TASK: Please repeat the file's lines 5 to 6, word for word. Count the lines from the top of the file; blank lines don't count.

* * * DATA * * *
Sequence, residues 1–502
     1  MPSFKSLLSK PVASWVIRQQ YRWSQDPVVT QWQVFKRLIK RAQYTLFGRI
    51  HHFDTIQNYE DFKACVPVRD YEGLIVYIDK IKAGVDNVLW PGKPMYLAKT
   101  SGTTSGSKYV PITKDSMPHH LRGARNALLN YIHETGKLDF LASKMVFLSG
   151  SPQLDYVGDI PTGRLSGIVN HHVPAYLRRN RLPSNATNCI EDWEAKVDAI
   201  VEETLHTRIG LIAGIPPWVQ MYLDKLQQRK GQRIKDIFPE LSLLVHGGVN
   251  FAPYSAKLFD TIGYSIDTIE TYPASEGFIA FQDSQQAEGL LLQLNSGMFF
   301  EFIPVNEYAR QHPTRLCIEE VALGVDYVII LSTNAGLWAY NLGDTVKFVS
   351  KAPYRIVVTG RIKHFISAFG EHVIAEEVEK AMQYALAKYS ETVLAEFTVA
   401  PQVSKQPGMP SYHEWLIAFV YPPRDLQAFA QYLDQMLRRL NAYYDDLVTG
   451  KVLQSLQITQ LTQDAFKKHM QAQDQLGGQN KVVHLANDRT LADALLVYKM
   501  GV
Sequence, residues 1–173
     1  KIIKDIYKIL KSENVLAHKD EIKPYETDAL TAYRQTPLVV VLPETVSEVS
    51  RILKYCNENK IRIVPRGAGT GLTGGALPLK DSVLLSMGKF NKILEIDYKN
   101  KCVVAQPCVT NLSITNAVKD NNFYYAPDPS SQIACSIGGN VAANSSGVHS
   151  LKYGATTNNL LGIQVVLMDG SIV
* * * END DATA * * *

   151  SPQLDYVGDI PTGRLSGIVN HHVPAYLRRN RLPSNATNCI EDWEAKVDAI
   201  VEETLHTRIG LIAGIPPWVQ MYLDKLQQRK GQRIKDIFPE LSLLVHGGVN